The Food Almanac Tuesday: September 20, 2011


In The Food Almanac, Tom Fitzmorris of the online newsletter, The New Orleans Menu, notes food facts and sayings.

Today's Flavor
Today is National Mussels Day. Mussels, once a rarity on New Orleans menus, have become commonplace. Mussels are bivalves, related to oysters, and similar to them in many ways. The best mussels have thin black shells and meats that are about a third the size of an oyster's. They are inexpensive — a good thing, because anything less than two dozen mussels doesn't even make for much of an appetizer. In restaurants that specialize in mussels, they come out in huge bowls containing even more than that. In Belgium — the mussel-eating capital of the world — they're served by the bucketful. I counted 62 mussels in one of those in Ghent one lunch.

The most common recipe for mussels involves steaming them in a pan with the water that comes out when they open, along with wine, garlic, herbs, and butter or olive oil. But many variations exist. A common one is to add tomato to the sauce.

The traditional way to eat mussels is to use a fork to dislodge the first one, then use its now-empty shell to loosen each succeeding mussel. As you go through a serving of mussels, you'll find that the meats come in two colors. The cream-colored ones are the females; the orange ones are the males.

We see two kinds of mussels here. The first, and better, are the black mussels, the best of which come from Prince Edward Island in Canada. The other kind are green-lipped mussels, a frozen product from New Zealand and Australia. They're bigger, with pretty shells ringed with iridescent green. Perhaps they're good there, but the flavor doesn't survive the trip.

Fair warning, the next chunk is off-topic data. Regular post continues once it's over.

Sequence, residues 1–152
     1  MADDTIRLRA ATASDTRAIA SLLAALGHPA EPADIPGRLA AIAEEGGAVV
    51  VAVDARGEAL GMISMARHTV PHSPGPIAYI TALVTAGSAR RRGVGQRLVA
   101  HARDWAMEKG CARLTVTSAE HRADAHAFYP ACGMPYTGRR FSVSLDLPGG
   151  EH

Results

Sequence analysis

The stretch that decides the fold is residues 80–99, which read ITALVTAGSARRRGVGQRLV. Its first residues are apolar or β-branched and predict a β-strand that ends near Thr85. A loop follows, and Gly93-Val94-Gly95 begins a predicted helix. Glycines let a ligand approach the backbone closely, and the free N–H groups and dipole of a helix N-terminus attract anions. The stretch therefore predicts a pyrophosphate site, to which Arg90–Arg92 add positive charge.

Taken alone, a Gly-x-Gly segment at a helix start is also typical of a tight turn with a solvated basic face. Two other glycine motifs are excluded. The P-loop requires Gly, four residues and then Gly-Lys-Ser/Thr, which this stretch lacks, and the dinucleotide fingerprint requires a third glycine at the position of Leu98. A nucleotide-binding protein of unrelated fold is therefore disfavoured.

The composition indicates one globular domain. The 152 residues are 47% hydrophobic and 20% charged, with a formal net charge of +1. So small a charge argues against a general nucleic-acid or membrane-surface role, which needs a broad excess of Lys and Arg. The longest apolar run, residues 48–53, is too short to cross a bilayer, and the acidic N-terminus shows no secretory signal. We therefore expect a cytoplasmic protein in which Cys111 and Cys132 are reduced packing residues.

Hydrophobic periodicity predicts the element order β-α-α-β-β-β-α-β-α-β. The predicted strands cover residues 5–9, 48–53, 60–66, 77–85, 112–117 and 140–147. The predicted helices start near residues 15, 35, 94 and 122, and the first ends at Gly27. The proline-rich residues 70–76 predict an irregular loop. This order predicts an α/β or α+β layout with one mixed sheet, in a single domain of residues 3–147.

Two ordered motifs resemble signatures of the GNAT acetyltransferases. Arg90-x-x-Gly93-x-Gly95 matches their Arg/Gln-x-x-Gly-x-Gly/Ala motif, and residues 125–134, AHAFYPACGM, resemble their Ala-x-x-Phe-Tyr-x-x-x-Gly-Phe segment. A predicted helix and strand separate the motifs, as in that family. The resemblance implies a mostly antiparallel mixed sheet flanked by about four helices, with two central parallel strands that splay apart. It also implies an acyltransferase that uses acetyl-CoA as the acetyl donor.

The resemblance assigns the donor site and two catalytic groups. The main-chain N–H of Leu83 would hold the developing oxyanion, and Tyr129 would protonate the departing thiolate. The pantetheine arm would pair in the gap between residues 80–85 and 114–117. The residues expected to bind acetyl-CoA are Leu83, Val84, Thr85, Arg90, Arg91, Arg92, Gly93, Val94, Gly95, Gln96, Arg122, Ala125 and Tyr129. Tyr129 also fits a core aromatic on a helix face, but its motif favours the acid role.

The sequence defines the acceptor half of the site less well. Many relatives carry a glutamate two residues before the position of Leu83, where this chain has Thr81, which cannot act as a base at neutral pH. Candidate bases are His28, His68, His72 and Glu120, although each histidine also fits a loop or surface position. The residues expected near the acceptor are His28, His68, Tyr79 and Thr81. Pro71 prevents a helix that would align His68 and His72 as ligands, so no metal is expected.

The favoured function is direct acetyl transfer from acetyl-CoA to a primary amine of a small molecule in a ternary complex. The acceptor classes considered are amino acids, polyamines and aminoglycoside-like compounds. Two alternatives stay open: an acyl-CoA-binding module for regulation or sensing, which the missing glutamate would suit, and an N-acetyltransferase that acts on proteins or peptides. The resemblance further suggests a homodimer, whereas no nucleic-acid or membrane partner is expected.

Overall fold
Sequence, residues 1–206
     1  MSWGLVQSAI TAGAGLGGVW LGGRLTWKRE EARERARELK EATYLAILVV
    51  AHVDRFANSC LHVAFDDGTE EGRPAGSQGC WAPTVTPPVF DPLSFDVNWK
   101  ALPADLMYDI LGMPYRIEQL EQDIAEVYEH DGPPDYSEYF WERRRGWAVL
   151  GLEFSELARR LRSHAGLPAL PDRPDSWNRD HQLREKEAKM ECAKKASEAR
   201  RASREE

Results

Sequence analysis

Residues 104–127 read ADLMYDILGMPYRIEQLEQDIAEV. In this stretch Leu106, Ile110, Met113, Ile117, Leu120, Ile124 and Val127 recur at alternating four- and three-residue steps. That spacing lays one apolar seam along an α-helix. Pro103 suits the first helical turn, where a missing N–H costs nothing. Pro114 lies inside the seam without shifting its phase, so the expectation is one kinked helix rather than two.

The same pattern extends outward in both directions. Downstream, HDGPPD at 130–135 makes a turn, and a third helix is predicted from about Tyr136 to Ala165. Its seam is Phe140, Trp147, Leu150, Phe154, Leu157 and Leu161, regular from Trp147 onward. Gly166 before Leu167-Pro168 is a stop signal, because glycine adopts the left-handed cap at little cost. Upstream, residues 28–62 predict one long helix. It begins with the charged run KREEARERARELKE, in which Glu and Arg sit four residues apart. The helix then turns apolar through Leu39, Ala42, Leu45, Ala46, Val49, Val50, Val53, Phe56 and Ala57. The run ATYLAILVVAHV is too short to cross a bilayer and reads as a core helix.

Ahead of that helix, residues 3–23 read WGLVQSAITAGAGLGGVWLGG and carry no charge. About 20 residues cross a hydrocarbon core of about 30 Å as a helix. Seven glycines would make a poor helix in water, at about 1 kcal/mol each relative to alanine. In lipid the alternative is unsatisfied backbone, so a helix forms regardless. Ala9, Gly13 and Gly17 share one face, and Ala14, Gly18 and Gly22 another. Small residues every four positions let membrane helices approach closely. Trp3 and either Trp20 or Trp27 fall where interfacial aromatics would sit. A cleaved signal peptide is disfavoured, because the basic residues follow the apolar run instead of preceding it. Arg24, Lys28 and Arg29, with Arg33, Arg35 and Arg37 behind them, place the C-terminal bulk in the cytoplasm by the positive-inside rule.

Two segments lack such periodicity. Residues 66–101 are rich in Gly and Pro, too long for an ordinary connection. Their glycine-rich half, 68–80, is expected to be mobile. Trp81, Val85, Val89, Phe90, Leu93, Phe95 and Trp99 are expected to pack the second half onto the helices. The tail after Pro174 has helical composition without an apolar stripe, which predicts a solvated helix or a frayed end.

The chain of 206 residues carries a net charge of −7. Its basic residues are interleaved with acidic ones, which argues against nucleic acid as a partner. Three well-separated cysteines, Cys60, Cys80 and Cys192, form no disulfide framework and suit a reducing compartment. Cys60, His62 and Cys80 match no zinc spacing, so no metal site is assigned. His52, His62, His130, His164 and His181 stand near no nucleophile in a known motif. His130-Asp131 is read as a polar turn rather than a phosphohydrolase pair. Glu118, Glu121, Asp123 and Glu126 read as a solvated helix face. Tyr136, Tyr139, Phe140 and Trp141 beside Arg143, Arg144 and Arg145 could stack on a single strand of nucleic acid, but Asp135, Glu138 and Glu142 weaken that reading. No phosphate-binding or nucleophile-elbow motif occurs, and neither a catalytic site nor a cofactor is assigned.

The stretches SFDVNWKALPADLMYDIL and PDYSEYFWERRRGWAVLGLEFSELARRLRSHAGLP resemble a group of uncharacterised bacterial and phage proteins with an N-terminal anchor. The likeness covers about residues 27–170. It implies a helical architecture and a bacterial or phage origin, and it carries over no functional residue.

Two important things to know about cooking mussels. First, make sure they are very clean, with the byssus ("beard") removed. Sometimes you need to cook them a little so they'll open before you can get all the sand out, although these days the mussels you buy in stores are already very clean. (They cultivate them on ropes.) Second, any mussel that doesn't gape open after being heated in a pan was dead on arrival and is possibly bad. Throw it away. Mussels cook very quickly and begin to shrink alarmingly when overcooked, so take it easy.

Gourmet Gazetteer
Musselman is in central Ohio, 53 miles south of Columbus. It's surrounded by farmland, but is in a 300-foot-deep valley, wooded on both sides, cut by the North Fork of Paint Creek. By way of the Scioto and Ohio Rivers, the water in the creek winds up in New Orleans. No mussels in the creek; the town is named for an old family in the area. An old, now-abandoned main line of the Baltimore and Ohio Railroad passes through the middle of Musselman's 10 or so structures. It's a six-mile drive east into Chillicothe for a bite to eat, at Dakota's Roadhouse.